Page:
Old business. New business.

The following quick-and-dirty photograph shows an array of gear used for off-camera flash photography, including a Canon 580EX II Speedlite, Godox X1R-C radio receiver for Canon, Godox X2TF radio transmitter, and Godox X2To/p radio transmitter. This photo will be used to illustrate some old- and new business.

An array of gear used for off-camera flash photography.

Old business

In my last blog post, entitled Pass-through hot shoe, I wrote…

…the Canon macro flash is compatible with Panasonic bridge cameras with one caveat: TTL is incompatible, so it’s manual mode flash only.

Look closely at the Godox X2T-series of radio flash triggers shown in the lower-half of the preceding photo. Notice the pass-through hot shoe on top of both units features one pin — the power pin. Therefore the X2Tx units can be used to trigger a flash mounted on the pass-through hot shoe but no other communication is possible between the camera, X2Tx, and shoe-mounted flash.

When a Canon flash is mounted directly on the hot shoe of one of my Panasonic superzoom bridge cameras, or one of my Fujifilm X-series cameras, the center power pin on the flash and contact on the camera are aligned so the flash can be triggered in manual mode. The other pins on a Canon flash might touch some of the contacts on the cameras, but the pins/contacts aren’t used for the same purpose from one brand to another so they don’t work. As a result, flash features like TTL and high-speed sync might not work. Essentially, it’s as if the camera hot shoe has only one pin — the center power pin.

Related Resource: Answering Your Godox X1T Questions, by alex silva photography (7:10). Ignore the fact that this video was made for the Godox X1T-series radio flash triggers — the X1T and X2T are essentially the same. Fast-forward to 3:03/7:10 for a segment related to mounting a flash on the pass-through hot shoe; the segment ends at 4:00/7:10.

New business (What’s old is new.)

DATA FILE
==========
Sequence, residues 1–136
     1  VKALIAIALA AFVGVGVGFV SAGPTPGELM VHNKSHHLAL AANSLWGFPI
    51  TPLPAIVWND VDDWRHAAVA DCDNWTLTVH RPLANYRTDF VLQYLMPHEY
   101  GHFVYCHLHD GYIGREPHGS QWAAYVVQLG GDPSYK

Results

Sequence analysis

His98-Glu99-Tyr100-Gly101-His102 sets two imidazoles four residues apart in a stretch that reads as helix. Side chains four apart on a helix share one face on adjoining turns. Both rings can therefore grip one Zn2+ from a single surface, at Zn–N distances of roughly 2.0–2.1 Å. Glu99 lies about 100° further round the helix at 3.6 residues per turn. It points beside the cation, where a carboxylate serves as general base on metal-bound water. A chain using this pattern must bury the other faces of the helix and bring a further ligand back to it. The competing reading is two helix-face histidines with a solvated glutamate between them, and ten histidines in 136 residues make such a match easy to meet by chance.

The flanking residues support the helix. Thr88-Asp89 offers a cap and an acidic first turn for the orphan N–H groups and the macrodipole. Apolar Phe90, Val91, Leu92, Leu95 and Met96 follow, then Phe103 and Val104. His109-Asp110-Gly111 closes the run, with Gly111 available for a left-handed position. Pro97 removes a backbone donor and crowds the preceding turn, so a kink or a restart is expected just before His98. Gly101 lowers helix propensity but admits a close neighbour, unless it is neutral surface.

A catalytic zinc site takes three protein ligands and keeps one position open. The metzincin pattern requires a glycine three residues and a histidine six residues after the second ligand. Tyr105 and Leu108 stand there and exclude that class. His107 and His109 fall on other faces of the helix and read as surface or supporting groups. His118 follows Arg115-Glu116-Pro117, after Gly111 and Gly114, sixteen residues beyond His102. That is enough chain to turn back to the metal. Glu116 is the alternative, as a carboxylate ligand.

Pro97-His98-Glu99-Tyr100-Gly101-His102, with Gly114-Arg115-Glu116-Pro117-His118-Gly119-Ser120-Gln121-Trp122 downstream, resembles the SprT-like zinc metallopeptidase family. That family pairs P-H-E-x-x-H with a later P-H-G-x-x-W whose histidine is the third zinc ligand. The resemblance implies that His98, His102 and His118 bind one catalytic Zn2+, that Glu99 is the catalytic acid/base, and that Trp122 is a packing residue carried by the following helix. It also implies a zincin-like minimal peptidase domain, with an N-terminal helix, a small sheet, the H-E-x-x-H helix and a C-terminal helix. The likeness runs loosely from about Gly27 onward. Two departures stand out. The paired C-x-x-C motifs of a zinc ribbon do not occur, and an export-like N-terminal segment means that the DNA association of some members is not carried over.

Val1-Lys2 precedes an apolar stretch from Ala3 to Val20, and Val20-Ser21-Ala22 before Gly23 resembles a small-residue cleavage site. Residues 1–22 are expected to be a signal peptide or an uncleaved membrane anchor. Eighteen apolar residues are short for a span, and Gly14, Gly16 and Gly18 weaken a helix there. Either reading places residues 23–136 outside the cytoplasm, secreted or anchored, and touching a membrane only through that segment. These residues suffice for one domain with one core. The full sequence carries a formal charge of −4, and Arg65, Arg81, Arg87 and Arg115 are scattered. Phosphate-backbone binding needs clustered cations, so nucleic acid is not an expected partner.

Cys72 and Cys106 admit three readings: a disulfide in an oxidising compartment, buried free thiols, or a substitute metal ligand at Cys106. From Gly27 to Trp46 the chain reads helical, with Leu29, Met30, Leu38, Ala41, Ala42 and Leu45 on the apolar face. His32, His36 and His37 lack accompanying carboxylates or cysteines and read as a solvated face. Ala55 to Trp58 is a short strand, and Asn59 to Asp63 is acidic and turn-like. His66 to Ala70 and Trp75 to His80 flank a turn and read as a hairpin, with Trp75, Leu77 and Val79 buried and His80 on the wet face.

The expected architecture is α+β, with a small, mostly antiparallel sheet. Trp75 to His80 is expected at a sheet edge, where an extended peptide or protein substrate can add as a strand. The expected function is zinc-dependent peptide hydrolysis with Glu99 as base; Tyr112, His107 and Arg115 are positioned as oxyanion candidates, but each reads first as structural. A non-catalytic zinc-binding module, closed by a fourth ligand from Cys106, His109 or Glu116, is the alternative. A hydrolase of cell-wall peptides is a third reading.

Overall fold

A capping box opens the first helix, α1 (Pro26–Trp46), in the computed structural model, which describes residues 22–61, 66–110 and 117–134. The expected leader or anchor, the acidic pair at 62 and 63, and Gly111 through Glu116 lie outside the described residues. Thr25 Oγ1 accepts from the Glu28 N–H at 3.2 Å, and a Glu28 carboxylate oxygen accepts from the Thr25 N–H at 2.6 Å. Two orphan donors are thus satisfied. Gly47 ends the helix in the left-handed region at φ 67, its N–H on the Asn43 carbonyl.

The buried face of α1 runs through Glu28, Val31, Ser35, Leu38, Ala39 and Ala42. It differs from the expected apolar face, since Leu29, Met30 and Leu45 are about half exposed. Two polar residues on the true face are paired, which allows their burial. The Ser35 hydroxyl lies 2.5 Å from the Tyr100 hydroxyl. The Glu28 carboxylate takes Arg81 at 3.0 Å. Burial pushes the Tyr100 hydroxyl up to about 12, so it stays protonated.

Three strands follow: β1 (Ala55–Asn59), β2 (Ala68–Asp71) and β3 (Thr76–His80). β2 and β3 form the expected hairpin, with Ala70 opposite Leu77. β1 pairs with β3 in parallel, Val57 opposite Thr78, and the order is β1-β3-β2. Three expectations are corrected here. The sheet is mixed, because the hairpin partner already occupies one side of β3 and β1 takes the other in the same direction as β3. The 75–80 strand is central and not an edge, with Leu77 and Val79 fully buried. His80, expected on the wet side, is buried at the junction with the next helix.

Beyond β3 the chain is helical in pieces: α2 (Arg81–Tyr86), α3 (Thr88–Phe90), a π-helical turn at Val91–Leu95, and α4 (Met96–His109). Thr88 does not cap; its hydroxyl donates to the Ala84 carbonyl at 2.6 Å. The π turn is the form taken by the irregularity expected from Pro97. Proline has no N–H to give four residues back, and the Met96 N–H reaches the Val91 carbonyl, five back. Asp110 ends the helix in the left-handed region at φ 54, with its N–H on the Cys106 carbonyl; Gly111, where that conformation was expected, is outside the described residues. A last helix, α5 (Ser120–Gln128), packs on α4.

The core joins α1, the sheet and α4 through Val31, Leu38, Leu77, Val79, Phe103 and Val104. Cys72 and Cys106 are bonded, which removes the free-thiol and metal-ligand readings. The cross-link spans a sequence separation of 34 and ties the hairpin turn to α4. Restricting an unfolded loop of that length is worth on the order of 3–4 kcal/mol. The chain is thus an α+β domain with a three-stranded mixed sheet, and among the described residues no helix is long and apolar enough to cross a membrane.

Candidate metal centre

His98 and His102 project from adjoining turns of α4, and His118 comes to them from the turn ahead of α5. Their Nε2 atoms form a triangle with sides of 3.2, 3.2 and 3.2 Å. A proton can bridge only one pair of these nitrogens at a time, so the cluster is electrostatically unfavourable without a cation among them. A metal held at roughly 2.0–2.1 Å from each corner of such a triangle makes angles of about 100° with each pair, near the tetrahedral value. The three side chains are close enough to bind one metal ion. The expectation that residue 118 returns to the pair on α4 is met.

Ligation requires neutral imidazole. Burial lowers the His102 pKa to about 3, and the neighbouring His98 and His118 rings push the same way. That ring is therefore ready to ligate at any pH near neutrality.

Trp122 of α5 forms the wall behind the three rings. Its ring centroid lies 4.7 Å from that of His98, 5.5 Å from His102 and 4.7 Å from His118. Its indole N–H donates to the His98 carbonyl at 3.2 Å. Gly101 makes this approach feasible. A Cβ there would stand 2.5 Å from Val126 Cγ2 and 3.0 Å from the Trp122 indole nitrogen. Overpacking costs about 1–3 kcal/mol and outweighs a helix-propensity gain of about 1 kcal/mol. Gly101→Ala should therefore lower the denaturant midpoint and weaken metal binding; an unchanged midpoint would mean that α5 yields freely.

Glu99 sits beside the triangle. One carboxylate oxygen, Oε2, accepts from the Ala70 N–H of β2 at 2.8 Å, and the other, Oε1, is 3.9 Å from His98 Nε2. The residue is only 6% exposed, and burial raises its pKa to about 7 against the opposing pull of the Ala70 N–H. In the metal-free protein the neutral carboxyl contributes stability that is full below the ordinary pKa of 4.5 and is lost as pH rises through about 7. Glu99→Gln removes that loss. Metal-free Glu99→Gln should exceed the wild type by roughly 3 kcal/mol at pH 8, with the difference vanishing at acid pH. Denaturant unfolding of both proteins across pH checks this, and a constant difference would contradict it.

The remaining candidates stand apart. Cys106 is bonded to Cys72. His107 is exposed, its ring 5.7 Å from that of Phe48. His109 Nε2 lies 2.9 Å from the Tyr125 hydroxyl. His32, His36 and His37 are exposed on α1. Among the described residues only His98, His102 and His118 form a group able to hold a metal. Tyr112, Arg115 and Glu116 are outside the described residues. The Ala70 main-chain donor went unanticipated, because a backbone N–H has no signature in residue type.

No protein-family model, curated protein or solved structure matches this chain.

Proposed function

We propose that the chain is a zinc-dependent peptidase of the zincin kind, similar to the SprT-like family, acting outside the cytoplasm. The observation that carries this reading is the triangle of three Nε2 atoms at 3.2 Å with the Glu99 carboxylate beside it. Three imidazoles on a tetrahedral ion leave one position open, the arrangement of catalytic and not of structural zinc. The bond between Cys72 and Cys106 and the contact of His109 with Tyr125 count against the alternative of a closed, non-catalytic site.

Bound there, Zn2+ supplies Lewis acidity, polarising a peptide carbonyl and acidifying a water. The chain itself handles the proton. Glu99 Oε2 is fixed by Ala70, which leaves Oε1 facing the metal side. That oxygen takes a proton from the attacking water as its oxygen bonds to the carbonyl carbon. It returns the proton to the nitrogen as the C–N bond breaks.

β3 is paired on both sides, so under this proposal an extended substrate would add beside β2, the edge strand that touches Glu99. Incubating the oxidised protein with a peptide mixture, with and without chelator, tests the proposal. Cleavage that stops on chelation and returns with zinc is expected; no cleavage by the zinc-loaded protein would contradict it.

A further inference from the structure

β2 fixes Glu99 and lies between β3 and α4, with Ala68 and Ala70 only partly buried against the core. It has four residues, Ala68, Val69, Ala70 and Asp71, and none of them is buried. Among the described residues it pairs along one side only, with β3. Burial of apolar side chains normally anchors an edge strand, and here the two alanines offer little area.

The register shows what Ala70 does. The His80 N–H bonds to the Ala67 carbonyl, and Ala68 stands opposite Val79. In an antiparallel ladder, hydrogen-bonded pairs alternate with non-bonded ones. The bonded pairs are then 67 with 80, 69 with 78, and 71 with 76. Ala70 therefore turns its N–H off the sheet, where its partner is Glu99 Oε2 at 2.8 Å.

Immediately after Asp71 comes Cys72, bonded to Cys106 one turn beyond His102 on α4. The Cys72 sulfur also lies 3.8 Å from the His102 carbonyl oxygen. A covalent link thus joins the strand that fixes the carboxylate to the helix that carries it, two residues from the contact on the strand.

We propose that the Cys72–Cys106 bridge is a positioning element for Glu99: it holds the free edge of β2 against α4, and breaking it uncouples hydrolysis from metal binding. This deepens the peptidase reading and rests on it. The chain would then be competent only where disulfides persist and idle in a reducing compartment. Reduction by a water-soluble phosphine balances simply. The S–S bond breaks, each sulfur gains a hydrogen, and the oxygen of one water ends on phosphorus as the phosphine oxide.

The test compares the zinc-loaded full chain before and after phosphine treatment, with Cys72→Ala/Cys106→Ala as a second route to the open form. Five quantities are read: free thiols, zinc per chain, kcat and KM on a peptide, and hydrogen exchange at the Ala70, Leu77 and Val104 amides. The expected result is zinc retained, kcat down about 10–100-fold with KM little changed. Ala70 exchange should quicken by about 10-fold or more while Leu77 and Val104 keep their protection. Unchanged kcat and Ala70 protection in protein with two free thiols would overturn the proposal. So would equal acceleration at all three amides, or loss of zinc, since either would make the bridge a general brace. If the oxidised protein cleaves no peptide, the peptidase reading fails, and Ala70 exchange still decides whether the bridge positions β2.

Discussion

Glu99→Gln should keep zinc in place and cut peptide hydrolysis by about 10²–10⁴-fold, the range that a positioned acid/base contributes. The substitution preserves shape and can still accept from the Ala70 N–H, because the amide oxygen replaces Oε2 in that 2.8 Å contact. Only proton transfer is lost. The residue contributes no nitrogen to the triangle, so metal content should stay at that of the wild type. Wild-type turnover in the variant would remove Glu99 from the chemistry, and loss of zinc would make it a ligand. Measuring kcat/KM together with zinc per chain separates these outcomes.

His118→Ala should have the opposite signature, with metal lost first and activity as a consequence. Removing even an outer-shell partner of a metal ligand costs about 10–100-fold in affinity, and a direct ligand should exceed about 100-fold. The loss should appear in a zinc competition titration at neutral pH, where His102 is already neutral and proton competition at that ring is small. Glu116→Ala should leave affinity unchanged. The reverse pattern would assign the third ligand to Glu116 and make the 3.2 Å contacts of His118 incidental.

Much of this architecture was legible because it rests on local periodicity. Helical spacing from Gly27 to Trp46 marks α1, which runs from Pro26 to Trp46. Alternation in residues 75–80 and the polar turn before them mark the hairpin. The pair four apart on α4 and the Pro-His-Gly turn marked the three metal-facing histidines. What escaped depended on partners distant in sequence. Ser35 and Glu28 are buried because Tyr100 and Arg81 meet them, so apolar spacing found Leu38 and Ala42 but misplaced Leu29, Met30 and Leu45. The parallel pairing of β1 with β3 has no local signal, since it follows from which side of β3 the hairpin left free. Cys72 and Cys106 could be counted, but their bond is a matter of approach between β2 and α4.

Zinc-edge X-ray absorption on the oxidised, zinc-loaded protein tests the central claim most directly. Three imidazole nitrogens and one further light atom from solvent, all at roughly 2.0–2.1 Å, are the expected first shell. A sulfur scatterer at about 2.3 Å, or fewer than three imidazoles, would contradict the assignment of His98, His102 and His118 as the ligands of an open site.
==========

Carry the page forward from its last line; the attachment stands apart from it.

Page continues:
The first two external flash units that I bought are Canon Speedlites, including the Canon 580EX and Canon 580EX II. Neither flash unit is radio-capable — they can be used off-camera but it’s optical master and optical slave mode only for these two flashes. Both Canon flashes cost ~$500 each when new. Although I bought the flash units lightly-used, they hadn’t depreciated much, and as a result, I paid several hundred dollars for each one.

During the past year-or-so, I switched to the Godox TT685-series of external flash units. Not only does each Godox flash cost approximately one-fifth the MSRP for current Canon flashes, the Godox units are radio-capable.

Mounting my Canon 580EX II Speedlite on a Godox X1R-C radio receiver converts the Canon flash to a radio-controlled flash unit that works like any Godox TT685-series flash. Interfaced with an X1R-C, the Canon can be set and triggered remotely by radio from both the Godox X2T-series and XPro-series radio flash triggers, or even another Godox TT685-series flash set for master mode.

The Canon 580EX II — the newer model of my Canon flashes — is fully-compatible with the Godox X1R-C; the older Canon 580EX is incompatible.

For $40 — less than half the cost of a new Godox flash — I was able to repurpose one of my old, reliable Canon flashes. How cool is that? Very cool!

Related Resource: Godox XPro TTL Flash Trigger [REVIEW], by steeletraining (10:53). This video covers three points that might be of interest to readers of my blog.

  • Godox X1R-C receiver (enables use of newer Canon flashes with Godox system)
  • cross-brand compatibility among Godox flashes and radio flash triggers
  • TCM Function, Godox XPro-series radio flash triggers

Copyright © 2019 Walter Sanford. All rights reserved.

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